On the Case with Cookie Schwartz Diaz
From locating missing people to breaking counterfeit rings, Private Investigator Cookie Schwartz Diaz has seen it all. Cookie runs the successful Tri-Valley Investigations out of Valencia taking on a multitude of cases from insurance fraud and asset searches to background investigations and identity theft. “Every day is something different, and it’s definitely not boring. When you start your day, you don’t know what kind of challenge you’ll be faced with.”
With nearly three decades of experience under her belt, it was Cookie’s curious mind that led to a career in private investigating. “I was always interested in it. Many of the jobs I was employed in involved some form of investigation, so I enrolled in school and took specialized classes in that field. My instructors hired me right out of school, and that’s how I started.” In order to apply to take the state test to get your license, you must complete 6,000 hours working for other investigators.
Twenty-seven years after getting her start and making her mark in the male dominated profession, Cookie has worked on countless cases, many of which involved high profile individuals. “I did work on the OJ Simpson case, a small part, because there were dozens of investigators on that case. We found some items that would have clarified his guilt, but they were not allowed to be presented in court. That was very, very frustrating.”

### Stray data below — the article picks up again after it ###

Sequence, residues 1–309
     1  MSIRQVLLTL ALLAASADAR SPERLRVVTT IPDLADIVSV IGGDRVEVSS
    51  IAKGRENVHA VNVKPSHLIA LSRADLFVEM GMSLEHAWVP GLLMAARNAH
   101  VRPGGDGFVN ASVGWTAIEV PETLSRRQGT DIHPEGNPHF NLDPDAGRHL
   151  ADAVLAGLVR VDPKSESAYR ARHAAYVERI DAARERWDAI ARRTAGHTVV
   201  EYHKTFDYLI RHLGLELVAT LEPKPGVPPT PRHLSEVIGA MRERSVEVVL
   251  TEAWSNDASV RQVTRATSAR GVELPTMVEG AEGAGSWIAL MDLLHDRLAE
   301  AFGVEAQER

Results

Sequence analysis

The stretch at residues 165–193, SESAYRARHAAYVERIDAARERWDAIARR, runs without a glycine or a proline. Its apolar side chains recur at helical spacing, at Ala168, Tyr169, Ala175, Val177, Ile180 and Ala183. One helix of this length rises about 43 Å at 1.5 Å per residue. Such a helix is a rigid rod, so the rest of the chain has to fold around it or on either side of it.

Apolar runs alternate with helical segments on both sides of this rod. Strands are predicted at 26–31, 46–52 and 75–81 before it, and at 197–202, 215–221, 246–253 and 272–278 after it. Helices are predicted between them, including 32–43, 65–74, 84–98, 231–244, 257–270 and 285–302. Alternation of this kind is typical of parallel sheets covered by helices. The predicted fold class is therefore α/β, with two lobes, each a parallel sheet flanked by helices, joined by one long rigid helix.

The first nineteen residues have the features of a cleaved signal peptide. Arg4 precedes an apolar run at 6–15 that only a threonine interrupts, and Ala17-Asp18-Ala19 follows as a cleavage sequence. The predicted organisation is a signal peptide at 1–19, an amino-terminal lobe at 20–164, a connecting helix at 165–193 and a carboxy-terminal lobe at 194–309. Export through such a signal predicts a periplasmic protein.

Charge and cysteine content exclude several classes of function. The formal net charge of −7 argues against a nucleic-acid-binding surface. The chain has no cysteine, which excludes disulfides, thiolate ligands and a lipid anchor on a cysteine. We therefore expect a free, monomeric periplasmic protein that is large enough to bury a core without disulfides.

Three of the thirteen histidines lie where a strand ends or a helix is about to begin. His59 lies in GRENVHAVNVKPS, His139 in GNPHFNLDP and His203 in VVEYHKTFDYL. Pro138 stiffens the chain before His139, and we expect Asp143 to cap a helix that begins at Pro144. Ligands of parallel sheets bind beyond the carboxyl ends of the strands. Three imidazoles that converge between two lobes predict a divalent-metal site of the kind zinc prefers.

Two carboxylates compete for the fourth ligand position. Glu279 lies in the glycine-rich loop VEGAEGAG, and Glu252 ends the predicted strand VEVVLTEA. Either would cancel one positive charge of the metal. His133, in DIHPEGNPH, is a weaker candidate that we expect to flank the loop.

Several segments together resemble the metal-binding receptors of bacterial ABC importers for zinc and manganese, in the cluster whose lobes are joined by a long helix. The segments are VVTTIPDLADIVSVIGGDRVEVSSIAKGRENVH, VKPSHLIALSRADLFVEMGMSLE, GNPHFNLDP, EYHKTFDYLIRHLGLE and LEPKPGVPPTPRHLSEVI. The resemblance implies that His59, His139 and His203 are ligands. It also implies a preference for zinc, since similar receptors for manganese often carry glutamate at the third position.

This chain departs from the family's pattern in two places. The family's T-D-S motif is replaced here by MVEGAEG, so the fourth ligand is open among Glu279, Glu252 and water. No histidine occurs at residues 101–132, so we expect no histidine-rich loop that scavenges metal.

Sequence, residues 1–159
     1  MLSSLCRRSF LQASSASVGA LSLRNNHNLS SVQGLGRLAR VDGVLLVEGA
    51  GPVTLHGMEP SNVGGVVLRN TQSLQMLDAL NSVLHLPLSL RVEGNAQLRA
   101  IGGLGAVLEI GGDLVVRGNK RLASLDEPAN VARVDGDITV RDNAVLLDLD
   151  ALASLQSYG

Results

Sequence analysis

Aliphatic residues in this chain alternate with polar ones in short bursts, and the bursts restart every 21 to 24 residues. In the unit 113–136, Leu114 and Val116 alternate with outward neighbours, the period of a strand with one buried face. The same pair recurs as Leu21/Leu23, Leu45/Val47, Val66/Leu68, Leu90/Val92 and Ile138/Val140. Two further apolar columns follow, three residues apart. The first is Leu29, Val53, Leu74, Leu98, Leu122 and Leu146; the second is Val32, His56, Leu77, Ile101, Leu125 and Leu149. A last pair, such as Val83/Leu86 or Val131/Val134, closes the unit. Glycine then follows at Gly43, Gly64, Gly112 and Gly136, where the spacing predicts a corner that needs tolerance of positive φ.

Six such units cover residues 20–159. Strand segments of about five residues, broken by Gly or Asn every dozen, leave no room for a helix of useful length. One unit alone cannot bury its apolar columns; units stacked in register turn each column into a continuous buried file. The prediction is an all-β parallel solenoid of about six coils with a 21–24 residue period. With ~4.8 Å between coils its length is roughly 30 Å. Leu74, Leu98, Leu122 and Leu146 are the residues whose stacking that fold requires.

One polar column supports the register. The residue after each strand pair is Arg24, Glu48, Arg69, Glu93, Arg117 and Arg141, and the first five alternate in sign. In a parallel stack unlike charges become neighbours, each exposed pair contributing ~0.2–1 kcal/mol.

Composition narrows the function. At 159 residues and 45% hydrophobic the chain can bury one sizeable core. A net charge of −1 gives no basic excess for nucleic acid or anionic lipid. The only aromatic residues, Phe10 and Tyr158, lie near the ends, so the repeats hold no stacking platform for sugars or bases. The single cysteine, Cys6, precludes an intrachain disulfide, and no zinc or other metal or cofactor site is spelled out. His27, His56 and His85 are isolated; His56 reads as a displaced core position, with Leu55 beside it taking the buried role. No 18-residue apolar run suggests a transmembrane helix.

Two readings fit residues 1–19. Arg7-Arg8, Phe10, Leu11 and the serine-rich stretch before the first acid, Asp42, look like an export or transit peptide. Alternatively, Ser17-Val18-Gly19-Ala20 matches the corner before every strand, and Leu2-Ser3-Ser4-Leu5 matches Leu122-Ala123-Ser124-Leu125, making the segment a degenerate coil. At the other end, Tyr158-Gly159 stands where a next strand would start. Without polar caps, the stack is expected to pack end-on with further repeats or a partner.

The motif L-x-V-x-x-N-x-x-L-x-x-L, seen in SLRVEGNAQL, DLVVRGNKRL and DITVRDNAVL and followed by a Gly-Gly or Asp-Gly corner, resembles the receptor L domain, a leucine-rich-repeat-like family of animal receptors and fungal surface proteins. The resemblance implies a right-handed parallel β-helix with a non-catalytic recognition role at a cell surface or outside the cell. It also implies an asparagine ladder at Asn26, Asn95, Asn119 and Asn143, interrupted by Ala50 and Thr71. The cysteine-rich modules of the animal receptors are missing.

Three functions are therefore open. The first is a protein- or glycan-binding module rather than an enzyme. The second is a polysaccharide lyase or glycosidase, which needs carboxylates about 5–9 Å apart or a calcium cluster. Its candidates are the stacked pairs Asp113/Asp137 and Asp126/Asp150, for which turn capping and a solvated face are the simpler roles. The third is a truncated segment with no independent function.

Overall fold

Alongside Cookie on many of her cases is her supportive husband, Frank Diaz. “When I’m doing surveillance, he usually comes with me so we have a second set of eyes and can also go in the carpool lane. When you’re doing surveillance, your subject, whether or not they have another person in their vehicle, will sometimes get into the diamond lane. If you’re not with somebody, you don’t want to get an expensive ticket.
Stakeouts and high speed chases alongside her husband may sound like something out of a Lifetime movie, but television portrayals of private investigators are filled with inaccuracies. “One misconception would be how easy it is to break into people’s houses. That’s totally illegal. You can’t do that. You see that all the time on television. It’s just funny when you watch these shows, and you see private investigators doing these things.”
With a disturbing amount of scam artists who will do anything to steal someone’s money or identity, Cookie has one piece of vital advice. “Don’t ever give your passwords, screen names, Social Security numbers, bank account information to anybody on the phone or in an email. I can’t tell you how many times I’ve had to help people who have given out personal information. And be very careful about befriending people who approach you on social media sites.”
While each day brings a new case and different experience, the ability to help others is what continues to drive Cookie to do what she does best. “The satisfaction is in helping people. I’ve done quite a few adoption cases, and it always feels good when you reunite families. Sometimes it’s parents looking for their kids or kids looking for their parents. Sometimes it’s siblings looking for each other. Helping people is very satisfying.”
photo by Joie de Vivre photographie
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